A router has access to four types of memory: RAM, ROM, NVRAM, and Flash.
RAM is used to store various applications and processes including:
- Cisco IOS - The IOS is copied into RAM during bootup.
- Running configuration file - This is the configuration file that stores the configuration commands that the router IOS is currently using. It is also known as the running-config.
- IP routing table - This file stores information about directly-connected and remote networks. It is used to determine the best path to use to forward packets.
- ARP cache - This cache contains the IPv4 address to MAC address mappings, similar to the Address Resolution Protocol (ARP) cache on a PC. The ARP cache is used on routers that have LAN interfaces, such as Ethernet interfaces.
- Packet buffer - Packets are temporarily stored in a buffer when received on an interface or before they exit an interface.
Like computers, Cisco routers actually use dynamic random-access memory (DRAM). DRAM is a very common kind of RAM that stores the instructions and data needed to be executed by the CPU. Unlike ROM, RAM is volatile memory and requires continual power to maintain its information. It loses all of its content when the router is powered down or restarted.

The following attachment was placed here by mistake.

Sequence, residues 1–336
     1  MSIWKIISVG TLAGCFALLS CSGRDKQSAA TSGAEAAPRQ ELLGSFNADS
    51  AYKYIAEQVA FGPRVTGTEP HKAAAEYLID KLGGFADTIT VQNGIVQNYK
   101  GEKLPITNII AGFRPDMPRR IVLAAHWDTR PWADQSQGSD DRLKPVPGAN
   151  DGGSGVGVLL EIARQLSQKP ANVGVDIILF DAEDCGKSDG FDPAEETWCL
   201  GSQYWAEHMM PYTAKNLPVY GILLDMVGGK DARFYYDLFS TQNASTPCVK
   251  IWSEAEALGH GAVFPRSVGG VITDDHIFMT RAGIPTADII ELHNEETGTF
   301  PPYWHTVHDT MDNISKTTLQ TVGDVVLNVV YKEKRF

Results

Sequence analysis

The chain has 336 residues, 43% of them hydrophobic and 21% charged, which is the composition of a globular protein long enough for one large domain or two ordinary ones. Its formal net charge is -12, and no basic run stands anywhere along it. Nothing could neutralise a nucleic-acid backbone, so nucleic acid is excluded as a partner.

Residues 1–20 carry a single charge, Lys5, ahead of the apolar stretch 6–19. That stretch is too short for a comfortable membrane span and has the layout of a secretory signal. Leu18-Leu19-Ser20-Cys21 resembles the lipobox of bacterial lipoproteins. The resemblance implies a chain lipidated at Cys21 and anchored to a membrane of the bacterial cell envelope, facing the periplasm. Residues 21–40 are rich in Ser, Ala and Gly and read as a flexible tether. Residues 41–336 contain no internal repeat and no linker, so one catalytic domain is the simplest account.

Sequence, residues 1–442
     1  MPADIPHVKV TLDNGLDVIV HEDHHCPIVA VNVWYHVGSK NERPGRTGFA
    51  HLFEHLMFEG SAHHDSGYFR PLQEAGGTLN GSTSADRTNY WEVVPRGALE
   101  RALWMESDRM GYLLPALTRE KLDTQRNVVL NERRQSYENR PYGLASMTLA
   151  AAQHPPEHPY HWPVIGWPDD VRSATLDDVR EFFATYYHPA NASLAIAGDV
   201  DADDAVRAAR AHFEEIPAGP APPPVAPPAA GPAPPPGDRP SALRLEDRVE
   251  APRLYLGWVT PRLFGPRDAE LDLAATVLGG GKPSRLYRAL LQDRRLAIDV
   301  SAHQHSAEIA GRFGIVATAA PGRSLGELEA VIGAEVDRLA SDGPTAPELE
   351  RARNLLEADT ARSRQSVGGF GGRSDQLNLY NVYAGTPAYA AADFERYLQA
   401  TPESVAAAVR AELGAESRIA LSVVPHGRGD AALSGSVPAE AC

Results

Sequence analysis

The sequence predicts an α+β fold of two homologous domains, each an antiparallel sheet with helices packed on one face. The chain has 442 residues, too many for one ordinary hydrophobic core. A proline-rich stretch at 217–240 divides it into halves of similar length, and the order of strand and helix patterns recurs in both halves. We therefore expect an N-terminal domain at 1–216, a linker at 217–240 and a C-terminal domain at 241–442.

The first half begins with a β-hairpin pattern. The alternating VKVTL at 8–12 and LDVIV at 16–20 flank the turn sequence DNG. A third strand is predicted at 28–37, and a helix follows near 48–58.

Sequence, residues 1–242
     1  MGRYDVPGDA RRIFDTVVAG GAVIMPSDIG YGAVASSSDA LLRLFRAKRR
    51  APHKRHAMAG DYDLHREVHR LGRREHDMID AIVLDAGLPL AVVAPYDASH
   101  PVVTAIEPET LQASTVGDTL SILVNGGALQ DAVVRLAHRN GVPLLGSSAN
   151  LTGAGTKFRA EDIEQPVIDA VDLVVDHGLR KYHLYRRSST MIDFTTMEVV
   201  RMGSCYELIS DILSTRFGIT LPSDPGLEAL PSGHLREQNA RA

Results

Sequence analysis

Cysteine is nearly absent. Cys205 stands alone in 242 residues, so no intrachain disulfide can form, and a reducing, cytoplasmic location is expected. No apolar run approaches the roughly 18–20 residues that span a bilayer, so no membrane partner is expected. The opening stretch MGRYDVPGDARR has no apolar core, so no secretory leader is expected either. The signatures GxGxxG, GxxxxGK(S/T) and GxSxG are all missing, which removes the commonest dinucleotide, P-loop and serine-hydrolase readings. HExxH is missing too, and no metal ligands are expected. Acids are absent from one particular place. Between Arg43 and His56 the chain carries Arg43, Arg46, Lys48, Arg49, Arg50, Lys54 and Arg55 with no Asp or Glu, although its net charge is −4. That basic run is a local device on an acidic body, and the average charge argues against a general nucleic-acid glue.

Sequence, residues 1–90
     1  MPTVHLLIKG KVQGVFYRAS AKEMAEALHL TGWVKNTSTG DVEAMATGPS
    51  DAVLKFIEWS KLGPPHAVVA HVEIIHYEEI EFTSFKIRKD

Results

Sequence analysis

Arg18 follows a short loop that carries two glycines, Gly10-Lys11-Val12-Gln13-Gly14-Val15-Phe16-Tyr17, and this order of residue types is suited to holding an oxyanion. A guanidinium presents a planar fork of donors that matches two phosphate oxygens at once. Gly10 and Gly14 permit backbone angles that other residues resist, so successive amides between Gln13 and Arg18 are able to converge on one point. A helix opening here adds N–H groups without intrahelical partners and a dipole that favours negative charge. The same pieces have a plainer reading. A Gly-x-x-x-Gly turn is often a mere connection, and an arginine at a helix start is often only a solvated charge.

By default 1941 routers come with 512 MB of DRAM soldered on the main system board (onboard) and one dual in-line memory module (DIMM) slot for memory upgrades of up to an additional 2.0 GB. Cisco 2901, 2911, and 2921 models come with 512 MB of onboard DRAM. Note that first generation ISRs and older Cisco routers do not have onboard RAM.
Cisco routers use ROM to store:
- Bootup instructions - Provides the startup instructions.
- Basic diagnostic software - Performs the power-on self-test (POST) of all components.
- Limited IOS - Provides a limited backup version of the OS, in case the router cannot load the full featured IOS.
ROM is firmware embedded on an integrated circuit inside the router and does not lose its contents when the router loses power or is restarted.
NVRAM is used by the Cisco IOS as permanent storage for the startup configuration file (startup-config). Like ROM, NVRAM does not lose its contents when power is turned off.
Flash memory is non-volatile computer memory used as permanent storage for the IOS and other system related files. The IOS is copied from flash into RAM during the bootup process.
Cisco 1941 routers come with two external Compact Flash slots. Each slot can support high-speed storage densities upgradeable to 4GB in density.
The figure summarizes the four types of memory.